Maybe it is, maybe it isn’t. But the probability that an asympotomatic carrier will infect you or your wife is not the issue. The issue is calling asymptomatic patients cases of the disease.

        Dr. Kendrick argues that asymptomatic patients should not be cited as Covid cases, that doing so is a misrepresentation, a lie. I’m baffled to see both you and Mr. Rothman argue that the lie is the truth in some sense.


        1. …”asymptomatic patients should not be cited as Covid cases,”

          Yet how many cases are there that were caused by asymptomatic spread of the contagion? Seems to me that little piece is ignored to the benefit of making the argument that it ain’t as bad as it is being made out to be.


      5. I really do not care whether those who test positive for coronavirus are labeled “cases” or “carriers.” This seems to be an issue with some people because they follow a leader who thinks that there would be fewer cases if we did less testing.

        The tone of this forum has been discussed from time to time. I suggest you look at how you post and think about that issue.

        I politely responded to your original post, agreeing with some of it and stating an alternative view. You came back with . . .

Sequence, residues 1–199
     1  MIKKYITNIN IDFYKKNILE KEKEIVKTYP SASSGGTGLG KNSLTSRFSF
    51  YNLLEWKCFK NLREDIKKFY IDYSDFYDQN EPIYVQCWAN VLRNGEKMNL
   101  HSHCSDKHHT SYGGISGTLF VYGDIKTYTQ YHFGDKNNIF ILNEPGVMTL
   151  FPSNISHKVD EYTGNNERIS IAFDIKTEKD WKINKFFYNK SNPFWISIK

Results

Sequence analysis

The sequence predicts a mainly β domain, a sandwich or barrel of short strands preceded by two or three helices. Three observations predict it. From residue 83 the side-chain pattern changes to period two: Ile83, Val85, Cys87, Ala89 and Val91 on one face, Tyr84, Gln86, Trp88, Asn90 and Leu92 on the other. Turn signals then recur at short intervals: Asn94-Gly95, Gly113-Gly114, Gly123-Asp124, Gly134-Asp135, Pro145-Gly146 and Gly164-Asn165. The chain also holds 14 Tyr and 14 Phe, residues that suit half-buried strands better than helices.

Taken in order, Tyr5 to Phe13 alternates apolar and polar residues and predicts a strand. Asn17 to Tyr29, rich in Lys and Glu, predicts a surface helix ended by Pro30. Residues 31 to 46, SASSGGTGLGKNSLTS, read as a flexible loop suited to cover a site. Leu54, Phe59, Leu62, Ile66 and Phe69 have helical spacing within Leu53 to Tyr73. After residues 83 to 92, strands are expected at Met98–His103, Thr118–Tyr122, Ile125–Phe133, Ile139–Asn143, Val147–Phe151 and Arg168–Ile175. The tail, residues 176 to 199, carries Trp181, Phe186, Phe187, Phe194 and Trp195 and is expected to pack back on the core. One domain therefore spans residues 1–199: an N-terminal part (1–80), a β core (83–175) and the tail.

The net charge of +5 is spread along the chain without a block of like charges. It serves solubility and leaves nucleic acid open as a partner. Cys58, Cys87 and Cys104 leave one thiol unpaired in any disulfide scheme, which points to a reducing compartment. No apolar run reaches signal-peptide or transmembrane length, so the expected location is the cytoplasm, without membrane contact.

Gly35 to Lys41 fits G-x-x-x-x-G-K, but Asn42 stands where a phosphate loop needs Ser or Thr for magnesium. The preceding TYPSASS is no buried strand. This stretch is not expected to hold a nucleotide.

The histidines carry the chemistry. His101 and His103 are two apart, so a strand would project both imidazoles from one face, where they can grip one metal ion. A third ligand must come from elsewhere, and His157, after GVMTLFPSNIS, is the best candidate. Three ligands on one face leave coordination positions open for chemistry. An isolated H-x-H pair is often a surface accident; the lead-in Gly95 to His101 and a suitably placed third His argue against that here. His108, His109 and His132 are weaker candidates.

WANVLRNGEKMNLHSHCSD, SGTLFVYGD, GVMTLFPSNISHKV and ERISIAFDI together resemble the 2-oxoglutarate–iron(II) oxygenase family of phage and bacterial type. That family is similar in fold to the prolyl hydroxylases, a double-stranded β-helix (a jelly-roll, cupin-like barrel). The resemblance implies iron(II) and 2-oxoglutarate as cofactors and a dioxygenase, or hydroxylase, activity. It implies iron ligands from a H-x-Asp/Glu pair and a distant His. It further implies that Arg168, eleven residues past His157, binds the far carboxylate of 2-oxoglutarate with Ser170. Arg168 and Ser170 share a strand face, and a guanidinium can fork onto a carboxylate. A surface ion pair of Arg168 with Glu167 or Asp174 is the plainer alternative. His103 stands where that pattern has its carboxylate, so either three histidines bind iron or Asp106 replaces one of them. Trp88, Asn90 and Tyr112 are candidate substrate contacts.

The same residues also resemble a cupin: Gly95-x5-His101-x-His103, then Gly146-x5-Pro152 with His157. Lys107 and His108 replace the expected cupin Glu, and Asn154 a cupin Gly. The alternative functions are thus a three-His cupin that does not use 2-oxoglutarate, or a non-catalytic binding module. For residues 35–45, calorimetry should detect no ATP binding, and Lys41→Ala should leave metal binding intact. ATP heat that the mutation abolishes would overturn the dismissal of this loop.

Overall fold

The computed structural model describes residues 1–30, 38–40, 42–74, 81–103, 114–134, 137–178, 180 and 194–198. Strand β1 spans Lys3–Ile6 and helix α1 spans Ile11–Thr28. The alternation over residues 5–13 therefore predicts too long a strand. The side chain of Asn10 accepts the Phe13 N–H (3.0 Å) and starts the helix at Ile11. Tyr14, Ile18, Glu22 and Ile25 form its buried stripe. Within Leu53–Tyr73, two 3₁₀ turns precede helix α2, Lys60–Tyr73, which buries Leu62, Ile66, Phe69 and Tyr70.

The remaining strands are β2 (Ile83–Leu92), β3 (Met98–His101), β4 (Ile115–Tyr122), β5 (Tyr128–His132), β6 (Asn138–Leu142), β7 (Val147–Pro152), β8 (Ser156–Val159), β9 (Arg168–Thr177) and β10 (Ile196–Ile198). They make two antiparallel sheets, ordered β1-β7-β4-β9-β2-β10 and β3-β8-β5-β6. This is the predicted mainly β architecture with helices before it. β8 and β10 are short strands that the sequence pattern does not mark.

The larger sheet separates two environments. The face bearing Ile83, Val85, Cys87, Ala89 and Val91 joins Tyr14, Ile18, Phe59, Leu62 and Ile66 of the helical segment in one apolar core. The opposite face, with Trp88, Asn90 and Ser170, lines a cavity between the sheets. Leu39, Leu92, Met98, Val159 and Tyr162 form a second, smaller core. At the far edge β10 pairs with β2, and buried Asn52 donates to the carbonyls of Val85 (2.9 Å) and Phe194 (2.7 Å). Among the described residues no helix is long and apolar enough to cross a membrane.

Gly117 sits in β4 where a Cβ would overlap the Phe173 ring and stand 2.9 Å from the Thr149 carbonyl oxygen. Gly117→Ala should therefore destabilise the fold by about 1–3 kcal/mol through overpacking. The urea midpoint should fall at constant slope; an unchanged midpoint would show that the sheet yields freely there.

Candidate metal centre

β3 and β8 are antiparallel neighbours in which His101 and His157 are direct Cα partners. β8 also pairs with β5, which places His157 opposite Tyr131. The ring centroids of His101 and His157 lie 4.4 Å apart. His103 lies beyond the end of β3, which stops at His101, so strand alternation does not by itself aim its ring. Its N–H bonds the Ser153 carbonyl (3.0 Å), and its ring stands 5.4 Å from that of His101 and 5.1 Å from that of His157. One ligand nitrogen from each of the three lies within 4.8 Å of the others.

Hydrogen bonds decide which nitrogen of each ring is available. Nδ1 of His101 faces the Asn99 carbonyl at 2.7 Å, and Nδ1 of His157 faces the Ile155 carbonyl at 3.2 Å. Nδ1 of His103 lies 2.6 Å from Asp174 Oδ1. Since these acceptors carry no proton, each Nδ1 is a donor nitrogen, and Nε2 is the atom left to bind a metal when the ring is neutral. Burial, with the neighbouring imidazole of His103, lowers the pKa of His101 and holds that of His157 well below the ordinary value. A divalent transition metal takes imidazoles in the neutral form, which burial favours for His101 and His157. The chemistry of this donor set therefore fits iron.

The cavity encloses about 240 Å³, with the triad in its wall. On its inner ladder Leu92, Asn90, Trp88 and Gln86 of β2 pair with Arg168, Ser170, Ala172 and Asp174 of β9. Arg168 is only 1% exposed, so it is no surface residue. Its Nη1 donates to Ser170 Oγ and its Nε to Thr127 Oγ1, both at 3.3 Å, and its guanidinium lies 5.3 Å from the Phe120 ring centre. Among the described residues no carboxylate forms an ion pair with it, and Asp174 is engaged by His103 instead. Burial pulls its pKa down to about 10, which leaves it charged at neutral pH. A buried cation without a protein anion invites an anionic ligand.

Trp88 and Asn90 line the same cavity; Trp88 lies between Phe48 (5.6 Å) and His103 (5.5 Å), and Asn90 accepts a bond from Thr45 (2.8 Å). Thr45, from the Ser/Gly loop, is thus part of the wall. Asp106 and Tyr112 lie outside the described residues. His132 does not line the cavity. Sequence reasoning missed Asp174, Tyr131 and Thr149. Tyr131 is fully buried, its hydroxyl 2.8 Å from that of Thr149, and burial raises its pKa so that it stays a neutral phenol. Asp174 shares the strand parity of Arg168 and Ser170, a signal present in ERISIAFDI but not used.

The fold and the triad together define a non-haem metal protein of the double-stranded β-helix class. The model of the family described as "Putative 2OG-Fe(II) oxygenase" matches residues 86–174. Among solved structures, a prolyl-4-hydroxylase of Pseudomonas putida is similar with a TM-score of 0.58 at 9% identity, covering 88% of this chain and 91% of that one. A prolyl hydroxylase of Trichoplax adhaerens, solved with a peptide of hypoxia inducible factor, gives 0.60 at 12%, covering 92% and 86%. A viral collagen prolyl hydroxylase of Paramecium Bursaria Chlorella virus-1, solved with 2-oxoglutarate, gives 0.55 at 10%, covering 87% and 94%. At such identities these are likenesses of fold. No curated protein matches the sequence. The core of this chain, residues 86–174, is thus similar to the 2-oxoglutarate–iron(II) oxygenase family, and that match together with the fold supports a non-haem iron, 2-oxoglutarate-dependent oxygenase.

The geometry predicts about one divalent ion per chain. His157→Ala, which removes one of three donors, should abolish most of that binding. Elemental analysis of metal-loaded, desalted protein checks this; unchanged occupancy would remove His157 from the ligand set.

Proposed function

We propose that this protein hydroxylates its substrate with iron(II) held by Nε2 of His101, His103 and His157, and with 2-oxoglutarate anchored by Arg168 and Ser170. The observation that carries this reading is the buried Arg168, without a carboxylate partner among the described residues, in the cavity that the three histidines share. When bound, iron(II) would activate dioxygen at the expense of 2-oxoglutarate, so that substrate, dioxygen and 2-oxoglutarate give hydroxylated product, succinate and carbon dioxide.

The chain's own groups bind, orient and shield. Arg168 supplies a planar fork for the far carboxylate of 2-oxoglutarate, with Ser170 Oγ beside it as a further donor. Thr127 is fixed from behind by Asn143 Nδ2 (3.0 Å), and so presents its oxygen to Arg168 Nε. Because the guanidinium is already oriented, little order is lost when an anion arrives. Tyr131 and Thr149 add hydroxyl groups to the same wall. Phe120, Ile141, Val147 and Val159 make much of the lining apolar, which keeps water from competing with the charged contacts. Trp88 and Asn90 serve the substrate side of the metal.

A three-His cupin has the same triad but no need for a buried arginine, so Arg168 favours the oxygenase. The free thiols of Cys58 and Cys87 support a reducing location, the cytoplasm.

1. A claim that I preferred to be mislead.
        2. A charge that I was careless of the safety of others.
        3. You referred to Len’s careful and polite response as embracing foolishness.
        4. And now, that Len and I are proposing “the lie is the truth.”

        And all this because you think anyone or someone or you knows EXACTLY what a “case” is and what it is not. This is purely a matter of opinion. If I am exposed to a carrier and test positive for the presence of coronavirus in my body, I consider that I am dealing with a “case” and that is true no matter the severity of the symptoms that do or do not develop. And, for the reason given, I want to know how many such “cases” have occurred among the people I might interact with. No LIES anywhere.

        Liked by 1 person

  2. Technically. COVID-19 is the disease caused by SARS-CoV-2, so if we’re going to be picky, people who are symptomatic have COVID-19 but there are many others infected with and carrying SARS-CoV-2. Of course, some of those are really just pre-symptomatic and others have cardiomyopathy that is, for now, silent.

    It’s one of those cases where context matters, So, it’s COVID-19 patients and SARS-CoV-2 infections.

    Liked by 1 person